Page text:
Eye For Film >> Movies >> The Milk Of Sorrow (2008) Film Review
The Milk Of Sorrow
Reviewed by: Amber Wilkinson
Claudia Llosa's second feature opens with a dying old lady singing a sweet-sounding melody. Its uplifting lilt is in sharp contrast with the lyrics, which speak of her rape and of being forced to eat her dead husband's penis. This is Peru, where such atrocities burn strong in the memory, thanks to the Shining Path, a rebel movement whose brutality in pursuit of their own brand of 'revolution' was extreme and at its height in the Eighties, when some 70,000 people died as a result of their actions or as part of the counter-insurgency. Many of the women did not die, but were raped and abused, as both sides saw them as fair game in their 'tactical warfare'.
Llosa's film examines the echoes of this terrible time from a safe distance through allegory that, like that opening song, is at once sweet but with a forceful message. The milk of sorrow of the film's title refers to an echo of the past, too, stemming from a superstition that women who were raped during pregnancy would, through the breast milk of their mothers, inherit their sadness and carry it with them.
Fausta - a name derived, ironically, from the Latin word for Lucky - is one such victim, her mother's rape leaving her emotionally scarred and scared of everything. Her fear of suffering the same fate is, in fact, so acute that she has taken the extreme contraceptive measure of putting a potato inside her as a deterrent - a potato that we learn is threatening to kill her and yet she cannot bring herself to have it removed by doctors, though she tries to 'tend' to it to limit its growth. This is just one of the allegorical devices that pepper the film, but Llosa has such a naturalistic approach that they never feel as heavy-handed as they look on paper.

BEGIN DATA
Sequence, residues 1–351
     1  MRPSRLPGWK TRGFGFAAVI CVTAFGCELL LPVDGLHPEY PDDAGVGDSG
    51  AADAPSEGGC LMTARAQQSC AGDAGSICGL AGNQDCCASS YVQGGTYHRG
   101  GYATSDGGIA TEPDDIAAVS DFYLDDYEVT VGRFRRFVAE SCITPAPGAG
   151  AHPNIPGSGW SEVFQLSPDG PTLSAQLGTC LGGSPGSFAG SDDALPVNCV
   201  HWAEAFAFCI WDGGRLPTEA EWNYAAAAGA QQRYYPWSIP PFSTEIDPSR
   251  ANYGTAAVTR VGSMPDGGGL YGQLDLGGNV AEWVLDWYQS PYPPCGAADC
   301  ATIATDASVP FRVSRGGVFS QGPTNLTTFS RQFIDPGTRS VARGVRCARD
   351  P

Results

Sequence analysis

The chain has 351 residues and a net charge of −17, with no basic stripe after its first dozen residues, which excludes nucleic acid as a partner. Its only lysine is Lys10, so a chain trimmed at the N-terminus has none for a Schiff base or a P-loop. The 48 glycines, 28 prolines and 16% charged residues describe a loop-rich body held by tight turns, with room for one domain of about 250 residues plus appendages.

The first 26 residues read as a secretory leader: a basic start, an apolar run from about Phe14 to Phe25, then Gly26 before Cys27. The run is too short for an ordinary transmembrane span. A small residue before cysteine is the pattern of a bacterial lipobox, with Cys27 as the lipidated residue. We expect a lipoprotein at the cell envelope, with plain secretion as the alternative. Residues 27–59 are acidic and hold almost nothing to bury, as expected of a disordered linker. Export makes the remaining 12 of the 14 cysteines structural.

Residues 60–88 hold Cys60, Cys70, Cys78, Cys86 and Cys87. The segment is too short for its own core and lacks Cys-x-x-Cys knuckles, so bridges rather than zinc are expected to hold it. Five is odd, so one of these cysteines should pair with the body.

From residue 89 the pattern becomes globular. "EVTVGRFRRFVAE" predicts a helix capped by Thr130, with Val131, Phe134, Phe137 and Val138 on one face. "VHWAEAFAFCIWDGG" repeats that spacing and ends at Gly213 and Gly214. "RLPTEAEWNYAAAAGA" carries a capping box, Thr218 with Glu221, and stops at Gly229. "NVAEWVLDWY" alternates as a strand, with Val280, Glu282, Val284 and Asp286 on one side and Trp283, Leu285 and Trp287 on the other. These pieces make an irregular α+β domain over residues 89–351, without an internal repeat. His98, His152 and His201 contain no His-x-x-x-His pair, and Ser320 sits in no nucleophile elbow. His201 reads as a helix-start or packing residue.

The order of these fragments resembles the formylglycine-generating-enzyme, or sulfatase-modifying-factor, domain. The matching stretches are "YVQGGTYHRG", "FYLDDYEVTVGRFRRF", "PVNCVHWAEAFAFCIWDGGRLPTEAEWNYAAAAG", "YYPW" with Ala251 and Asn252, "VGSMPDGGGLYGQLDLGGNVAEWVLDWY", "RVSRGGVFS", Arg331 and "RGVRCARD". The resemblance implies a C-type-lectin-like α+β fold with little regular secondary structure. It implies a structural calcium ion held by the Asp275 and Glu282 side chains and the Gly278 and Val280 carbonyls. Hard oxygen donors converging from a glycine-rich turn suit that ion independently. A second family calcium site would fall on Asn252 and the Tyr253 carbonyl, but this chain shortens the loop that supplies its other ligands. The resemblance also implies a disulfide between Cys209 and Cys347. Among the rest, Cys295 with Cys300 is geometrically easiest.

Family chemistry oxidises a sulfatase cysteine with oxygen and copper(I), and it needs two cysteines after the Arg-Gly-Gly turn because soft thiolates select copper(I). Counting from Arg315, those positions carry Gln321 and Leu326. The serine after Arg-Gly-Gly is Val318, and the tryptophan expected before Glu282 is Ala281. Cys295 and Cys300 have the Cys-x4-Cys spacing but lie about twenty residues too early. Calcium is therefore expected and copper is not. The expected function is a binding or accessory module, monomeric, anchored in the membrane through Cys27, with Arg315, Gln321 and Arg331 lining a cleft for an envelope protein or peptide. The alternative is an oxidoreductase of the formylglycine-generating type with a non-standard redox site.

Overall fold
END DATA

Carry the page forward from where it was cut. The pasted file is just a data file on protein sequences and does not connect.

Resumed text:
The death of her mother forces her to seek employment in order to raise the cash to bury her body in her own village rather than out in the Lima slums. Again, there is no doubting that the mother's dead body comes to symbolise the past that Fausta must come to terms with and leave behind. Similarly, the house where she goes to work - shrouded from the bustling town by an impenetrable gate - is run by the upper-class Aída, who also comes to symbolise the sort of exploitation the poor can expect from the bourgeousie. And yet, in a curious way, it is through her experiences at the house that Fausta is able to both physically and metaphorically find her voice, encouraged as she is to sing for Aída in return for pearls that could pay for her mother's internment. It is here, too, that she meets a gardener - a very different type of male than the more predatory sort she is used to in the slums - who in an extension of the film's central allegory, plants everything except for potatoes.
Magaly Solier, who since being 'discovered' by Llosa for her debut Madeinusa is becoming something of a hot property in Peru, is perfect for the role, bringing the right combination of timidity and hope, so that the blossoming of Fausta feels as gradual and natural as one of the gardener's plants.
Llosa's film is beautiful to look at, every scene exquisitely constructed, nothing there without good reason. As with Madeinusa she also makes some terrific use of the contrast between the superstitions and traditions of 'old Peru' - much of the action is set against the backdrop of a series of weddings in the slums where Fausta lives - and the more modernised, though not necessarily superior, attitudes prevalent in the more affluent parts of the cities. Although the layers of symbolism and allegory certainly add to the depth of the film's resonance, those who consider it purely as a more simply magic realist-inflected coming of age tale are unlikely to be disappointed either. Heavy on themes yet light with her touch, Llosa has crafted another delicate but complex gem.Reviewed on: 29 Mar 2010
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